1893. NGC graded MS-65. Frosty with delicate golden russet toning. A radiant Half Eagle featuring the With Motto reverse scroll above the eagle, and fully original with lovely gold color that rises and falls in an almost rhythmic display. This is a strongly struck example, as well, with gem-quality detail to all the important high points due to a firm blow from the coining dies. Pop 59; 15 finer (PCGS # 8383) .
Estimated Value $2,000 - 2,200.
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Lot 1290
1899. Sharpness of XF-45.
Estimated Value $225 - 250.
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Lot 1291
1904. PCGS graded MS-66. Lovely well struck coin. This example, illustrative of the Gem quality seen in its grade class, has iridescent gold surfaces and no spotting. Has the classic high quality standards of other P-mint Half Eagles, this 1904 also displays a precision strike on the legends and main device, which is par for the date, fortunately not even a trace of soft detail at the stars. Pop 17; 5 finer in 67. (PCGS # 8409) .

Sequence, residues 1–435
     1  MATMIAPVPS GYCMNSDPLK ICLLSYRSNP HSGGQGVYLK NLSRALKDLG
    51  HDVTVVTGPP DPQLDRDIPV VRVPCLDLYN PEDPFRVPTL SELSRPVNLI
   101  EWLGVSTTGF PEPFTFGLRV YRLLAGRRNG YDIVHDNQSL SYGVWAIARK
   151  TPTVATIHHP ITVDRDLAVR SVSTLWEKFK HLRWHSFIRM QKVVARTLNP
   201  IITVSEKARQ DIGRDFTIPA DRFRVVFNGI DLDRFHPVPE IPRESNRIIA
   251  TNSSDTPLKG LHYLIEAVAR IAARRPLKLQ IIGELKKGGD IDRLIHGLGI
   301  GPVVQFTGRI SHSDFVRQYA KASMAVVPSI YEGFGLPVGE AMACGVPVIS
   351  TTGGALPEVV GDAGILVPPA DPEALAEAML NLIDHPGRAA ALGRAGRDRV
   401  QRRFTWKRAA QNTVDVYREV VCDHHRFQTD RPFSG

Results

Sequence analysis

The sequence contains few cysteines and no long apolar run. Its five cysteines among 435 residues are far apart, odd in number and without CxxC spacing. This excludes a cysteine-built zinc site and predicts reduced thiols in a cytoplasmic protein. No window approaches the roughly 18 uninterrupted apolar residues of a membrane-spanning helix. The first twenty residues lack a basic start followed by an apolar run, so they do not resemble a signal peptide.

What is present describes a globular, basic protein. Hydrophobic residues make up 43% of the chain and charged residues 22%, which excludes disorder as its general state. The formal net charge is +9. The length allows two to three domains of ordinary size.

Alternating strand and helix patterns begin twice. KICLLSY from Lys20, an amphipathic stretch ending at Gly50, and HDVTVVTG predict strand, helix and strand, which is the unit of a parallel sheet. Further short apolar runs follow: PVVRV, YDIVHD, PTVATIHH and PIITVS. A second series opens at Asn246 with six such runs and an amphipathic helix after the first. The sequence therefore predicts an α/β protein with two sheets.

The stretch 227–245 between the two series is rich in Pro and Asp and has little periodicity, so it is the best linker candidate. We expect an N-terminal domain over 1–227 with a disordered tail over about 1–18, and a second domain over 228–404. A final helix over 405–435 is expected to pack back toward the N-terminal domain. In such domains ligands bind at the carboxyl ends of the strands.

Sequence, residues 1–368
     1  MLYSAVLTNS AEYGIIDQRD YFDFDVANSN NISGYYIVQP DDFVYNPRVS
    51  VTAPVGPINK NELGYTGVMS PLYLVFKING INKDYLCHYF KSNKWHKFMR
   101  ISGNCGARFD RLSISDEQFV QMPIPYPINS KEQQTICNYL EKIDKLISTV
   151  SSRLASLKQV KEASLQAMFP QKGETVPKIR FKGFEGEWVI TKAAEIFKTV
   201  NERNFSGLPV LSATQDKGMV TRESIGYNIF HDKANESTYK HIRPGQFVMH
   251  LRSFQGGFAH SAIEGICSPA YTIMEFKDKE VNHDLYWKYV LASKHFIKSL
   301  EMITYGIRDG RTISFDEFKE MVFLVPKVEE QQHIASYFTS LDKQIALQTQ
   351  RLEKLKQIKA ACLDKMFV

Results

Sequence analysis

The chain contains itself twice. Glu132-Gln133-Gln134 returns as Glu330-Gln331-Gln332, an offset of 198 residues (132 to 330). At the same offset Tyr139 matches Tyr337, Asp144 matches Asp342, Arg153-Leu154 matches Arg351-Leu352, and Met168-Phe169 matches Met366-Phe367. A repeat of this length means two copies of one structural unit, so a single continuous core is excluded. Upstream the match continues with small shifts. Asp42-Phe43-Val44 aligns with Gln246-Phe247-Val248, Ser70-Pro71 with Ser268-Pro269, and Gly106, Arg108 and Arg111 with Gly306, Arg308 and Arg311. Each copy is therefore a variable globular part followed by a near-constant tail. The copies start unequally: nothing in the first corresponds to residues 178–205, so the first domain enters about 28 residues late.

Estimated Value $4,800 - 5,000.
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Lot 1292
1907. PCGS graded MS-66 CAC Approved. A brilliant intensely lustrous satiny mint gem, untoned. Worthy of a premium bid. Final year of the With Motto $5 Type, first used in 1866. The series lasted from 1839 until 1907, when it was superceded by the new Indian Head coin. The Half Eagle was the workhorse gold coin denomination of the 19th to early 20th century, used in trade but also in internal US commerce. It had similar sized counterparts throughout the world such as the British sovereign, German 20 mark, Swiss 20 franc, Russian 20 ruble, and so forth.

The steady flow of P-mint deliveries in the late 1890s and early 1900s decade insures collectors will find adequate supplies of circulated and uncirculated specimens. Though in fact, Gems are much more elusive since these were heavily abraded in bank to bank transfers. Not easily located in Gem Mint State 66 condition. Pop 21; none finer at PCGS.
Estimated Value $5,000 - 5,500.